At this point, in Judaism’s yearly reading of the Torah, we come upon the section known as Balak. Balak is the king of Moab, and, as the story develops in Numbers 22-24, he is alarmed at the approaching Israelites. He decides to utilize an interesting offensive strategy and contacts a man named Balaam, inviting him to come and curse the Israelites. The Bible does not directly explain who this Balaam is, but we soon learn that he is in contact with God: He prays to God for instructions, and God answers him.
The story has a variety of lessons — that God’s answers are not always what we want, that prophets do not control God (it’s the other way around), and that people can be more dense than donkeys — but the one I want to stress today is the curious fact that Balaam, this fellow who is very close to God, is not Jewish. He is not a Hebrew or an Israelite, or any of the other terms used to describe Children of the Covenant God made with Abraham, Isaac and Jacob. Balaam is a Gentile, and yet the God of Israel has direct communications with him. Hmmm.
In the Bible, Balaam remains a rather mysterious character, but the rabbis of the Talmud (200 BCE-500 CE) develop his character into an important theological lesson. They note Balaam’s communications with God and go so far as to put him on a par with Moses: Both speak to God and get answers. Moses, they explain, is God’s main prophet to the Israelites, while Balaam is God’s main prophet to the non-Israelites. Since God created everyone and is concerned with everyone —and since God has important information for everyone on how to live good and holy lives, God appoints prophets to communicate this information. Moses is sent to the Jews, while Balaam is sent to the non-Jews.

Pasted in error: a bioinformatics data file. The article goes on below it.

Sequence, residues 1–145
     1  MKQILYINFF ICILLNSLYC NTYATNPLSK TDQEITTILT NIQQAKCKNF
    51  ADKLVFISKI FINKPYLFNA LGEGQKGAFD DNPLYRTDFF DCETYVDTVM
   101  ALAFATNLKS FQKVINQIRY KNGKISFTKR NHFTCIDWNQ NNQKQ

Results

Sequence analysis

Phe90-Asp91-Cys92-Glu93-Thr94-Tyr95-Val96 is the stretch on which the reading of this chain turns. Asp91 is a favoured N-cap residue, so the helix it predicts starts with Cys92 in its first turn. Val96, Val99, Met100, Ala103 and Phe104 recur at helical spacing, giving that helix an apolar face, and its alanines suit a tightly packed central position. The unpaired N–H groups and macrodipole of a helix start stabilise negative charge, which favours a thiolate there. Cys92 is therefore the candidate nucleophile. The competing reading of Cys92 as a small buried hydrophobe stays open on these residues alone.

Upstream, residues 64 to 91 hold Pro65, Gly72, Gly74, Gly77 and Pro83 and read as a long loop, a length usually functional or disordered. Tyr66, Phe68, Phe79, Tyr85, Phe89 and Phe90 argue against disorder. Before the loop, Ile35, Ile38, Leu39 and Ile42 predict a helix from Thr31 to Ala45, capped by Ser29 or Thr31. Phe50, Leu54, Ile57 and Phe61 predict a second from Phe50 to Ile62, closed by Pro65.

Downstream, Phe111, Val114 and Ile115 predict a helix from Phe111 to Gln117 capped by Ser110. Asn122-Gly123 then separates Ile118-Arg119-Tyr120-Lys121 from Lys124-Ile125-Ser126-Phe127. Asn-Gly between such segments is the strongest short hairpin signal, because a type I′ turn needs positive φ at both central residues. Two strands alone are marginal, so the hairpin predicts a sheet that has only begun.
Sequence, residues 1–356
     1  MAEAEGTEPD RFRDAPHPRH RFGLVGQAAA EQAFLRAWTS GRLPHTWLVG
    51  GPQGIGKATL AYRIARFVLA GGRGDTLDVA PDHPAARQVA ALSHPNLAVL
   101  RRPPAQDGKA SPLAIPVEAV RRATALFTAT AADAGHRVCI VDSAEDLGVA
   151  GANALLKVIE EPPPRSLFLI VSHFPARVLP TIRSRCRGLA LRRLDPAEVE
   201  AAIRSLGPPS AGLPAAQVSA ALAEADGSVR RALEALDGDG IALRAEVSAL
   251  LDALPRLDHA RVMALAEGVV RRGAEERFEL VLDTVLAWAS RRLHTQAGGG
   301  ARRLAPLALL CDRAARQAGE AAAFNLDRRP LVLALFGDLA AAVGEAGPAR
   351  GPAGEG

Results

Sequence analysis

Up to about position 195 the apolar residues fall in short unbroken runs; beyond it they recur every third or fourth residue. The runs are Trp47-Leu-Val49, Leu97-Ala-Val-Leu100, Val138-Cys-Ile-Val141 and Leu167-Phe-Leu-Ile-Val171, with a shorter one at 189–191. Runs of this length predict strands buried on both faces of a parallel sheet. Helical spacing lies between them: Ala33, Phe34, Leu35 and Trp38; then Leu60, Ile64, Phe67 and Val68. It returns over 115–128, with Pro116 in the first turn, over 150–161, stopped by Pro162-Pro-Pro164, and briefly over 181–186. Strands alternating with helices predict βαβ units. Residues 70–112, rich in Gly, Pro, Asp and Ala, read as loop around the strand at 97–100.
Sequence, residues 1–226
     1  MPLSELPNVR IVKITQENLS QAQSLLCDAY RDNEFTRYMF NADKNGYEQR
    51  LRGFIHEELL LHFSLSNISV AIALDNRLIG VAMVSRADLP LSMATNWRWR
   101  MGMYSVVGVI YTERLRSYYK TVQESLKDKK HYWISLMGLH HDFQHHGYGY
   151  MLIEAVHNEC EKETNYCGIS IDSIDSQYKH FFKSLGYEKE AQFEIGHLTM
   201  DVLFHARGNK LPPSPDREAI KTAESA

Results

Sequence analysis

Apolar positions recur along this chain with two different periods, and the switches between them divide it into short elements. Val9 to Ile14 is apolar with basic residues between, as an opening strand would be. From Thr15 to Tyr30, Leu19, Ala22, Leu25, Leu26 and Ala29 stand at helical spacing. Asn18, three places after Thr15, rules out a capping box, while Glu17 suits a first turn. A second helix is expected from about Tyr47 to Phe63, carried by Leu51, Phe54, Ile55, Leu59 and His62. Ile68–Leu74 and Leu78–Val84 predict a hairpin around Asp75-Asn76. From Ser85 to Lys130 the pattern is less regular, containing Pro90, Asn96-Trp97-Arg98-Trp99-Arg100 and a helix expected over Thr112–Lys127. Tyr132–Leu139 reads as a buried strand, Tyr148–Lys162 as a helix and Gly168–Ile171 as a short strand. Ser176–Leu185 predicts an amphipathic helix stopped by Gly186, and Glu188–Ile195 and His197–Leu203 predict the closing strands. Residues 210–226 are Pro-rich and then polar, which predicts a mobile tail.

In a world where so many of us think only in terms of our own messages from God, this ancient lesson reminds us that God loves us all and that God has communicated with us in a variety of places and languages and ways. The prophets may be different, and the messages may vary slightly, but the message of heaven to earth is remarkably similar across all of the world’s religions: God loves us, and God wants us to treat each other with respect and justice and love. There seem to be a variety of ways to approach God — with different prayers and holy texts and rituals — but the idea of approaching the divine and then allowing ourselves to be influenced by godliness is ubiquitous.
Let us rejoice in our own spiritual traditions which enrich our lives and help us to live in relationship with the Eternal One. Let us also rejoice that God has blessed other people with spiritual paths that are beautiful and wise, as well.
David Ostrich is the spiritual leader of Congregation Brit Shalom, and a founding member of Interfaith Initiative Centre County. Contact him at email@example.com or InterfaithInitiativeCC@hotmail.com.